FY21 Budget Proposal Nears Completion
By Gregory T Federspiel
Work on the proposed budget for Fiscal Year ’21, which begins July 1, 2020, is wrapping up. Final edits and any last minute tweaking are being made as we get ready to send the Finance Committee Report off to the printers the first of March. This report contains the proposed budget and will be the document that residents will use at the Annual Town Meeting as they debate and vote on the new budget.
The proposed budget for FY21 represents a level service budget for most departments. We are striving to provide the same services we currently provide. Increased expenses are due to the higher cost of doing business given modest pay increases for staff, increased health insurance premiums and higher pension costs. Very few operating costs are increased as inflation remains pretty tame.
The FY21 budget contains a few staff increases for the DPW. An additional person is proposed in each of the three divisions – highway, water and sewer. We are proposing these temporary increases to help in the transition as long serving employees plan to retire soon. Particularly in the water and sewer arena, it takes time to bring a new person up to speed and to obtain the proper operating licenses. Once the new hires have their new licenses and our exiting staff have been able to transfer the wealth of knowledge they have regarding the functioning of our utilities, we will return to our current staffing levels, at least in the water and sewer divisions. It may be that, in the highway division, an additional staff will enable us to do more repairs without the expense of bringing in an outside contractor and thus it would be cost effective to keep this extra person on-board. Even with an added staff member the department is still below the number of employees we had prior to layoffs that occurred during the 2008 recession.
The budget also restores a half-time clerk/receptionist in the Selectmen’s/Town Administrator’s Office. Having this position restored will enable greater customer service, quicker processing of the large number of requests for information we receive and more timely research of a wide range of issues that are presented. To help offset the increased cost of this position and the DPW positions, we have eliminated the expense of 1.5 positions elsewhere through attrition and consolidation.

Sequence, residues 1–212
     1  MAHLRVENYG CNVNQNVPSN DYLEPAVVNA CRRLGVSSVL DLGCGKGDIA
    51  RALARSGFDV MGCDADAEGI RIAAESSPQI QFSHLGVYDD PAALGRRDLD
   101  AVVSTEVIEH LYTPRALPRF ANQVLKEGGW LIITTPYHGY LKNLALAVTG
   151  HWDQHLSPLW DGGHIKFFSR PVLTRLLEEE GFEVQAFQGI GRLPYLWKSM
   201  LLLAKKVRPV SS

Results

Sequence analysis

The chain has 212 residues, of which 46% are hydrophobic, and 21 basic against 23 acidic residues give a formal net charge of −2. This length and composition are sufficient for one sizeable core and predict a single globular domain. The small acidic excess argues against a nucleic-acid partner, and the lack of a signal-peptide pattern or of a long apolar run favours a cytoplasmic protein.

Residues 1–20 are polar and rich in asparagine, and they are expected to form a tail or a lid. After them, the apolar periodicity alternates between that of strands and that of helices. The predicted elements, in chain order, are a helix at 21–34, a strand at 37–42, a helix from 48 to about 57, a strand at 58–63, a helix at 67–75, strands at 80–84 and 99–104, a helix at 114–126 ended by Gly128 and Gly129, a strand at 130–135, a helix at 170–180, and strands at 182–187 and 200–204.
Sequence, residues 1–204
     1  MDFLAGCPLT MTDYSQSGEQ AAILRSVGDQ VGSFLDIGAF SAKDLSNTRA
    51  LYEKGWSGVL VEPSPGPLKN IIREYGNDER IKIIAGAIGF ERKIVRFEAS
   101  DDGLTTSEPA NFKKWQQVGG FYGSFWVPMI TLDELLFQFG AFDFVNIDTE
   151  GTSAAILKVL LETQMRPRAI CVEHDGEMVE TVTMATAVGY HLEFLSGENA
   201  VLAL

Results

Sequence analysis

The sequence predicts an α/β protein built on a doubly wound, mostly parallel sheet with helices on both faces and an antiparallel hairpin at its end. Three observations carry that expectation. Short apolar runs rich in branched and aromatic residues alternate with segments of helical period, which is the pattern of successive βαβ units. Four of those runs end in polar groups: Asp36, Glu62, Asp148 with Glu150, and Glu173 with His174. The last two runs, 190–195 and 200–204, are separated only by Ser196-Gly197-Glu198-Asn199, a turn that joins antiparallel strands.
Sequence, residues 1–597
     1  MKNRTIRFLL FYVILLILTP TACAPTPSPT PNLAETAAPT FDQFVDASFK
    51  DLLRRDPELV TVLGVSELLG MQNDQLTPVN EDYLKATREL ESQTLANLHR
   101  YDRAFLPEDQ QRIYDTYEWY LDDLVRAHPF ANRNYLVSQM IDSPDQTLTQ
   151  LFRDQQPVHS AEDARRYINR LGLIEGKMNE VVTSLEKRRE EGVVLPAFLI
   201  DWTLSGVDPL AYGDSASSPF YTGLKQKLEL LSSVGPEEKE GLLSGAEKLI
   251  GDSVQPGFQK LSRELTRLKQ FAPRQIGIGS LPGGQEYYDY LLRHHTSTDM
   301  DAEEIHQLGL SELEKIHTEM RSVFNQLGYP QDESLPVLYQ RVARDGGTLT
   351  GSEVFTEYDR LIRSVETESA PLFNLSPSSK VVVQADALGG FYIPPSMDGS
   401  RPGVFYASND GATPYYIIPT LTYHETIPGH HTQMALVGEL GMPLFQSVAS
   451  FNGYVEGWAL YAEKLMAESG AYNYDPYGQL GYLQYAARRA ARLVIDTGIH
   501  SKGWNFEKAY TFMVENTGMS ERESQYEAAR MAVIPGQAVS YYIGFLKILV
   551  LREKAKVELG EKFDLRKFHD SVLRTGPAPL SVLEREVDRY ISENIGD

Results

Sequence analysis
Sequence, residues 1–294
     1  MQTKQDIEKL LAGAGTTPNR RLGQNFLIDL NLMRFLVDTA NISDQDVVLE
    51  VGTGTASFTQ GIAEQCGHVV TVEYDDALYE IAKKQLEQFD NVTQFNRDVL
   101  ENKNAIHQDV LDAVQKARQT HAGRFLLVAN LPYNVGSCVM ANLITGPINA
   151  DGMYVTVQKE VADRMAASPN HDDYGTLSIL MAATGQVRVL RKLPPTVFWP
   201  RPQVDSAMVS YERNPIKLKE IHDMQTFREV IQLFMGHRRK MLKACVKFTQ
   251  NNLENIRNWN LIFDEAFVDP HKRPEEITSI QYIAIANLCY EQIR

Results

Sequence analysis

The School District has proposed a budget that also represents level services. A slight boost in state aid and greater assistance from the state for special education costs is helping to reduce the increased costs to the towns. Also, after years of Manchester’s share increasing more than Essex’s due to enrollment patterns, the situation has switched. Now Essex’s enrollment is growing faster than Manchester’s thus the regional apportionment shifts toward Essex. Manchester’s appropriation to the District is slated to increase 2.9% under the proposed new school budget.
While not all the numbers are 100% finalized (if we can get through another month of little snow and ice we can avoid any deficit in our snow and ice account that otherwise would be added to next year’s taxes), as things stand now we should be able to have a total budget that requires a 2 - 2.25% tax increase rather than the typical 2.5%. Total expenses are actually lower than the current year due to higher than normal capital expenses in the current year which relied on our fund balance. An updated proposed FY21 budget will be available on the Town’s web site soon and distributed to all households at the end of March.